When the Judiciary Brings a Lawsuit, Who Gets To Hear the Case?

Slate's blog on legal issues.
April 11 2008 9:53 AM

When the Judiciary Brings a Lawsuit, Who Gets To Hear the Case?

By way of Dan Slater , we learn that Chief Judge Judith Kaye and the New York state court system she leads have brought suit against the legislature and governor of New York. The complaint argues that the legislature and executive have violated the principle of separation of powers—violated judicial independence—by failing to provide "adequate" compensation for judges.

The strangely coy complaint doesn't actually tell us what New York judges' salaries are. But they are easy to find . In 2007, trial judges earned $136,700; intermediate appellate judges earned $144,000; and high court judges earned $151,200. The nationwide medians for state judges for that year were $128,953, $139,694, and $143,669, respectively. So in nominal terms, New York judges do reasonably well compared with other state judges. They make well above the median family income of around $60,000 (in New York) and are lodged comfortably in the right tail of the income distribution.


The complaint makes a number of arguments. The cost of living in New York state is about 25 percent above the national average; taking the cost of living into account, New York trial judges are ranked 48 th or even 49 th (this source ranks them 42 nd ). New York judges used to be among the most highly paid, but they haven't received any salary increase since 1999, and since then inflation has devoured about 25 percent of their salaries. But under what principle of law do New York judges have to be paid more than judges in other states? Or for that matter, why shouldn't they be 50 th ? Someone has to be 50 th ! The complaint has a distinctly Lake Wobegon-ish air: If judges in all states have to be paid above average in order to preserve their judicial independence, then all judicial salaries will rise inexorably toward infinity. That, or the laws of mathematics will have to be struck down.

The complaint notes that other New York employees have received salary increases, and so today many earn more than judges. New York judges also earn less than many lawyers, deans, professors, and other people in the legal profession in New York, including some first-year associates at law firms. New York judges used to earn the same amount as federal district judges but now earn $30,000 less (of course, federal judges also think  they are underpaid). And everyone in New York appears to agree that judges deserve pay increases, even the governor and legislative leaders; but bills to increase pay have been tied up, and meanwhile the legislature has managed to spend millions of dollars on pork projects.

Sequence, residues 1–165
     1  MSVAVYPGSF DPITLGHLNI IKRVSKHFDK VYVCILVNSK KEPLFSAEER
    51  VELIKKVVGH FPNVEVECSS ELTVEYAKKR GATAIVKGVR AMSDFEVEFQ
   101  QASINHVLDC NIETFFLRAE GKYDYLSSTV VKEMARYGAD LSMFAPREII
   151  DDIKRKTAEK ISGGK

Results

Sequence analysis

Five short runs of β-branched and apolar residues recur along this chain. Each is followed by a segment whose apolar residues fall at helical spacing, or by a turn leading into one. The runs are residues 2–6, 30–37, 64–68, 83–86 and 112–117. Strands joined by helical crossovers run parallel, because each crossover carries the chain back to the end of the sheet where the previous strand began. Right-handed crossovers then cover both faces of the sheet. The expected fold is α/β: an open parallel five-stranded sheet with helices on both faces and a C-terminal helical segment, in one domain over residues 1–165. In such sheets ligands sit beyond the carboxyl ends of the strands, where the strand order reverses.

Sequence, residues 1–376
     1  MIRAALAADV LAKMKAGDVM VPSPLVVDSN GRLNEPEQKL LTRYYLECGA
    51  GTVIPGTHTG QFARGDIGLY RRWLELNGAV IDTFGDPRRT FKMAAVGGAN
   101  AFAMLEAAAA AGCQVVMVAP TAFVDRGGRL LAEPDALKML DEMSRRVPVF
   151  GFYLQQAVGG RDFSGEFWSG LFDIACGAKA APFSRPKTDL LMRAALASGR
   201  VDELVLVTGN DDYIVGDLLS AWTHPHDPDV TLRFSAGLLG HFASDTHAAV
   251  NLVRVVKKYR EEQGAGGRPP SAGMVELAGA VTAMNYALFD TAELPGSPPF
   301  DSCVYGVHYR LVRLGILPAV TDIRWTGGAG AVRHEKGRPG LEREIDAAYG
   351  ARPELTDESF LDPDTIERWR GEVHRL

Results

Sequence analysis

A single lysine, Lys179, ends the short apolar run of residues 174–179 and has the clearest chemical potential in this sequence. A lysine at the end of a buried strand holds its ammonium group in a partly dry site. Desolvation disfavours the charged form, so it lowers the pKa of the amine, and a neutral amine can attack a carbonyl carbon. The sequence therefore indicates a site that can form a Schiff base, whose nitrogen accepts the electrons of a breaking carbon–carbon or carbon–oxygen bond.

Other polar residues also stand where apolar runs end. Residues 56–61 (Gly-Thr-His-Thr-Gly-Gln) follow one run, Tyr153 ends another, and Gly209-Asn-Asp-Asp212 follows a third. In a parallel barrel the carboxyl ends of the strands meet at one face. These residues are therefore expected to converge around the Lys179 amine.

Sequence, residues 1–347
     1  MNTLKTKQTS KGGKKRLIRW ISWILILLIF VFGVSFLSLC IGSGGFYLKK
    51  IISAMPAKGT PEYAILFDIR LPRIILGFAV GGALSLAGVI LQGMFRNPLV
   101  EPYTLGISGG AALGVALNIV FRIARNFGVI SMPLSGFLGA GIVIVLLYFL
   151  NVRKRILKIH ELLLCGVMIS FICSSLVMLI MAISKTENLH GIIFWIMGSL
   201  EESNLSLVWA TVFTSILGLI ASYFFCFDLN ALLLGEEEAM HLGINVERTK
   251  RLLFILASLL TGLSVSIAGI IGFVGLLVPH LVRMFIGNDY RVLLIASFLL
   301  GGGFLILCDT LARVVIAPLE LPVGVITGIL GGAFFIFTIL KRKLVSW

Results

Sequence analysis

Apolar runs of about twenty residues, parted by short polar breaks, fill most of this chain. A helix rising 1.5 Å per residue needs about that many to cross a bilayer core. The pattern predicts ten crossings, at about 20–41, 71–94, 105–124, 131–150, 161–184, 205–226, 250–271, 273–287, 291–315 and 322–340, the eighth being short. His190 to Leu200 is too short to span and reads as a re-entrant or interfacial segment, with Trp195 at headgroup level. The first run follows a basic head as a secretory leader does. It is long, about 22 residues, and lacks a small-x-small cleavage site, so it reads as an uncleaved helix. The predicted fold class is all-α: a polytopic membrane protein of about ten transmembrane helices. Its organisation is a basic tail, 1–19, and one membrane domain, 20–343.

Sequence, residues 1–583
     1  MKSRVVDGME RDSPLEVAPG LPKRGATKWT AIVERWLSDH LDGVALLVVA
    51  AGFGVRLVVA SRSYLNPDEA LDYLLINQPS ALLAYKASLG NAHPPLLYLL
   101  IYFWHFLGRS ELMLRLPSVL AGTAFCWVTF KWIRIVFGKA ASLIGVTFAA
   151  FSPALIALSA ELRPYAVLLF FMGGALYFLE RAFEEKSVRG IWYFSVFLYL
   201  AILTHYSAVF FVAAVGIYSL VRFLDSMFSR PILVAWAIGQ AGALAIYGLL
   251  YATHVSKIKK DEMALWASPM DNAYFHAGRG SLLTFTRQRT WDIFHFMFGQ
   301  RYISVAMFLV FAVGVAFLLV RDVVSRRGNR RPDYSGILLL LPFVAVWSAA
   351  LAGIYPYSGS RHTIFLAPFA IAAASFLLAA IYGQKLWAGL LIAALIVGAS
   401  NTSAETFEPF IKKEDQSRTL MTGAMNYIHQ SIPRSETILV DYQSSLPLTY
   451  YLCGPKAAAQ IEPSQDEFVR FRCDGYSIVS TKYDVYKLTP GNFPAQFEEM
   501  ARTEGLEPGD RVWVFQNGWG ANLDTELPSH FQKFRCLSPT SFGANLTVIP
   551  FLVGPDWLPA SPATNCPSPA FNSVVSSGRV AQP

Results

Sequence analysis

All of this seems lamentable and bad policy, maybe, but a violation of separation of powers? How exactly? The complaint harps on the threat to judicial independence, but how would a modest (by legal standards) salary interfere with judicial independence? No one argues that the legislature has threatened to deprive judges of adequate salaries unless they rule in certain ways, or that the failure to raise salaries is payback for some unpopular ruling. The more alarming scenario is one in which judges set their own salaries by adjudicating lawsuits brought by other judges.

The complaint also argues that by refusing to grant cost-of-living increases to judges, while granting them to virtually all other state employees, the political branches have engaged in discrimination. The complaint cites a Supreme Court case that struck down a discriminatory tax that fell on federal judges; here, we have a failure to grant judges cost-of-living raises that were given to others. The argument here is really a Compensation Clause argument that failing to give judges cost-of-living raises is equivalent to reducing their salaries, in violation of that clause, but oddly the argument seems to be that such a failure is a violation only when other state employees do receive cost-of-living raises. I suspect that the plaintiffs presented this argument as a discrimination claim because there is plenty of law already that says failing to raise a salary to keep up with inflation is not the same as reducing a salary; but it doesn't seem like discrimination unless one can show that judges were not already overpaid relative to employees back in 1999, when they were among the best-paid in the nation. And how would one show that?

Eric Posner, a professor at the University of Chicago Law School, is author of The Twilight of International Human Rights Law. Follow him on Twitter.



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